A simple explanation of the Rule of Law for South Africans

Chris Patterson | Oct 17, 2022
The rule of law is crucial to the efficient and effective operation of modern society. Without it, life would be one jumbled mess, where inequality reigned supreme and double standards were the order of the day.

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A simple explanation of the Rule of Law for South Africans

The rule of law is the basis on which modern society is built. It has its origins in Magna Carta, the Great Charter, agreed to by King John of England. Think of it as a historical Bill of Rights for individuals, most notably containing a commitment to “access to swift justice”. The rule of law is the most widely known concept in modern constitutional democracy, the concept that both the government and citizens know the law and obey it.

That’s it!

South Africa’s relationship with the rule of law has long been troubled. The legacy of colonialism and Apartheid runs deep in the way South Africans view law. Colonialism and Apartheid were morally unjustifiable and held to be crimes against humanity, yet the rule of law as a concept helped to keep the institutions of colonialism and Apartheid going for as long as they did, since people obeyed the law under both systems, and so conferred legitimacy to the governments enforcing those laws.

Parliamentary supremacy under National Party administrations arguably strengthened the rule of law, to the detriment of the oppressed, as it subjected them to arbitrary categorisation, dictated where they could and could not live, and determined who they could and could not marry. Not even the courts could protect them. Those who suffered under National Party rule were thus morally right in their opposition to these unjust laws because they never applied to them in the first place, as they were wilfully excluded on the grounds of being classed as unequal.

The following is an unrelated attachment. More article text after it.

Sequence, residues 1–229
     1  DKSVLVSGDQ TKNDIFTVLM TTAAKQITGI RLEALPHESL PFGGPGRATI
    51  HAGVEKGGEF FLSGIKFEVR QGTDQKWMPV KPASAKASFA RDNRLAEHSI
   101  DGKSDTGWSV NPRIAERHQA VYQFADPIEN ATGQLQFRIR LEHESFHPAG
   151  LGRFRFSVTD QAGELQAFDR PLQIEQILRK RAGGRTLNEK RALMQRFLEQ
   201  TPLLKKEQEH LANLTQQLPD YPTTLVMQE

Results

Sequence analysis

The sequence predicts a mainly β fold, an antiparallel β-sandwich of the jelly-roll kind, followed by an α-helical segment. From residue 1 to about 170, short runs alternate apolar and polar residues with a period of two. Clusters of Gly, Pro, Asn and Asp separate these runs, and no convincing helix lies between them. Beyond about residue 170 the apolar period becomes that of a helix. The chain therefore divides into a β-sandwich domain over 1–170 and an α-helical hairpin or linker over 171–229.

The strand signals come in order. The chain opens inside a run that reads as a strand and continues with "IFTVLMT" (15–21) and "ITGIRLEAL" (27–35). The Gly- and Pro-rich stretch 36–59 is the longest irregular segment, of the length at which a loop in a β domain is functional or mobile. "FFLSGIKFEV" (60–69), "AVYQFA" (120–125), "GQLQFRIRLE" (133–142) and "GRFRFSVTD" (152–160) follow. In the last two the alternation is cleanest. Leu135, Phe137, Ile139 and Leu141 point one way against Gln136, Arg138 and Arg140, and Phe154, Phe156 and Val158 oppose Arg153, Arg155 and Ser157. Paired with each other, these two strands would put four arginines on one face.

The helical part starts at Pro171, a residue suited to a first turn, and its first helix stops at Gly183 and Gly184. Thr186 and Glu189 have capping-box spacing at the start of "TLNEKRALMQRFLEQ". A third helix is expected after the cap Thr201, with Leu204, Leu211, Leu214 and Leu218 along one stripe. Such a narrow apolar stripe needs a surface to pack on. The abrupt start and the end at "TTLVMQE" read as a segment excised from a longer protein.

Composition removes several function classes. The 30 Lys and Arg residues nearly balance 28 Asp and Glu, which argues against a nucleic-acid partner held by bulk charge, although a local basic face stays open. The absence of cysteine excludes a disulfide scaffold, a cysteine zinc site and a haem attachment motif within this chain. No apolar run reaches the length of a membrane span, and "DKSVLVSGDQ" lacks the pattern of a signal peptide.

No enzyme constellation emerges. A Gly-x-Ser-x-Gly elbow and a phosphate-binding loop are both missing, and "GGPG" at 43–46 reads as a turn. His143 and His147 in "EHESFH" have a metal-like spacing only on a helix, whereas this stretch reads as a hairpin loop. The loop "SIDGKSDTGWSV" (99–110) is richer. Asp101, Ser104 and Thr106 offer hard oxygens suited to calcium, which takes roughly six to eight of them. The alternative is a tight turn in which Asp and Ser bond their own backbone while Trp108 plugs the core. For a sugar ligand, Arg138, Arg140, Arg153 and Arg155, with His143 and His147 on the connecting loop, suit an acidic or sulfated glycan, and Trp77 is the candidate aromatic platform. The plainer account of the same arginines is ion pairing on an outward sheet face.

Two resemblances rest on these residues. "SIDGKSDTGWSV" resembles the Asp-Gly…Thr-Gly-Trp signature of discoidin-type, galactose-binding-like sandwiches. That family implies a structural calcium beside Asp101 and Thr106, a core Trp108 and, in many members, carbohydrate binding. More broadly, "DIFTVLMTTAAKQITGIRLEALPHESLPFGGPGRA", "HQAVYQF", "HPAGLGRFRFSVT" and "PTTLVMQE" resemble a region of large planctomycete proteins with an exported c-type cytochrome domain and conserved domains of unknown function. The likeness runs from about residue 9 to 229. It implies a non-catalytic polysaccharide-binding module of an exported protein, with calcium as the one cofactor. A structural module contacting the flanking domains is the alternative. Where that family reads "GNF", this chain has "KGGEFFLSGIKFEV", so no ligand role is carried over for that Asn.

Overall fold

With our democratic dispensation bringing rights and equality to all who lived within South Africa’s borders, citizens, refugees, and immigrants from Namaqualand to the Lowveld could celebrate the new lease on life given to the rule of law. Its benefits are available to everyone, and all know what is expected of them, the government included. This is the textbook definition of the rule of law. It is also one of the very first provisions in South Africa’s Constitution. Specifically, Section 1 states: The Republic of South Africa is one, sovereign, democratic state founded on the following values: (c) Supremacy of the constitution and the rule of law.

All South African legislation passed by Parliament needs to conform with this document.

Despite the abhorrent disregard for this most venerable document by some individuals recently, the Constitution is the yardstick by which we are all measured, and therein lies our equality before the law. It does not matter whether you are the President of the Republic or a new-born child.

The rule of law is crucial to the efficient and effective operation of modern society. Without it, life would be one jumbled mess, where inequality reigned supreme and double standards were the order of the day. It is human nature to desire order, and that is exactly what the rule of law gives us.

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